The days of someone “calling in a bomb threat to the main desk from a pay phone down the street” are increasingly a thing of the past. There are roughly a dozen significant ways to saturate large, confined crowds with false wireless information. I’m not terribly worried about the bomb threat model of the 1970’s. I’m concerned about the potential bomb threat matrix in the year 2018 and beyond. At some future point in time, I think it’s reasonable to conclude that some individual or group will launch a more comprehensive, tactically decentralized, deluge of bomb threats. Oh, and by the way, things like this are already happening on the planet earth. They’re just rarely showcased on the cable news networks. Sometimes, I honestly wonder if I’m the only person on the planet earth to have noticed that pretty much everyone has a cell phone capable of receiving real-time information.
There are an infinite number of ways to encourage people to move aggressively. Greed is always a powerful motivator. Think in terms of free merchandise. Or deep discounts for a limited time frame. Celebrity sightings, flash flood alerts, reports of an active shooter, etc. This isn’t complex. It’s merely the opposite a flash mob. Instead of encouraging people to quickly gather, the objective would be getting people to quickly disperse. There’s an endless variety of cellular information which could result in an unanticipated crowd surge, potentially resulting in a human stampede.
So what’s my best advice? Well, maybe, just maybe, the time has come… to come clean with American citizens. And for that matter, humanity.
If you find yourself in large crowd (stadium, ballpark, motor speedway, amphitheater, arena, etc.) and are the recipient of a cellular bomb threat or “movement triggering, panic inducing” information via your personal cell phone, it’s almost certainly a malicious hoax designed to create a stampede. Large venues have a very specific protocol for conducting emergency evacuations. The existing incident command structure would NEVER initially deliver evac orders to your personal cell phone or mobile device.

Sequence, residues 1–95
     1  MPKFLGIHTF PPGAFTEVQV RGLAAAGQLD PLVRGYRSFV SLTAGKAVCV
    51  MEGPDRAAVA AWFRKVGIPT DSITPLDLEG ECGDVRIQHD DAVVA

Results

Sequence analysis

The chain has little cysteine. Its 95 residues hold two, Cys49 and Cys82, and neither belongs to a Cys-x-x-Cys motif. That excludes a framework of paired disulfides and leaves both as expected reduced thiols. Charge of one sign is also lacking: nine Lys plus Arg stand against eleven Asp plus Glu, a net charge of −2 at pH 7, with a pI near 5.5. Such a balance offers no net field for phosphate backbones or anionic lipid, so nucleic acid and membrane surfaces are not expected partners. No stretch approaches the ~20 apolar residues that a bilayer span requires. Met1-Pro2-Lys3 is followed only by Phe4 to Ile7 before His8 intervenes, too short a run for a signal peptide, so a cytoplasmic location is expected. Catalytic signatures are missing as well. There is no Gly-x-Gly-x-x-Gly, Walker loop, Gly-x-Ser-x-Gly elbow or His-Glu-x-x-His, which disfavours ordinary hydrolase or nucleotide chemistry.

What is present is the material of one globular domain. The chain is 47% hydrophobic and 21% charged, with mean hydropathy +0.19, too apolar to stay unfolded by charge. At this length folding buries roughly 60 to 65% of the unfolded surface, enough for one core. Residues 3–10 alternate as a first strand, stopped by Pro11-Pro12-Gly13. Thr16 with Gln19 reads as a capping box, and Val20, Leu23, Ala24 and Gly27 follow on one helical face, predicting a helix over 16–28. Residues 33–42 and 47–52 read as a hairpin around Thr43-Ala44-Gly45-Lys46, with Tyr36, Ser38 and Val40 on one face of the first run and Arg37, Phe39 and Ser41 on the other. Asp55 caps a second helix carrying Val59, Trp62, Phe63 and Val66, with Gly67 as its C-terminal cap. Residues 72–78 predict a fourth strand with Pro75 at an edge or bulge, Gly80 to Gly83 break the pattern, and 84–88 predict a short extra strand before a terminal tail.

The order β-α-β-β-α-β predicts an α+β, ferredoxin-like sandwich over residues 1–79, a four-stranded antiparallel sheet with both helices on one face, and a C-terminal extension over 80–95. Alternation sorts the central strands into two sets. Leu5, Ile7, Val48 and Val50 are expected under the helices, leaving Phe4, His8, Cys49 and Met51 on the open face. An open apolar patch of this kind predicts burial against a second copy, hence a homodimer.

A. They wouldn’t.
B. They shouldn’t.
C. And even if they wanted to, they couldn’t. They currently lack the capability.
Again, you do NOT play emergency texting games with physically constrained crowds in excess of 20,000. That’s just not how these things work.
Please give it some thought. Now granted, my concerns are unavailable for public consumption. Fortunately though, I created this handy, dandy website which explains why my specific concerns are “undiscussable.” More importantly, the site offers the moral rationale for divulging the truth about woefully obsolete emergency evacuation protocol. I’ve said it before and I’ll say it again. It’s kind of a big deal.
Feel free to share this information with family and friends. The only viable, over-arching solution lies with enhancing awareness and being proactive. The alternative is to idly sit by, remain ignorant and just hope for the best. Considering the vulnerability of the NFL and the prospect of a dominipede (multiple, simultaneous stampedes), that would NOT be a particularly sound option.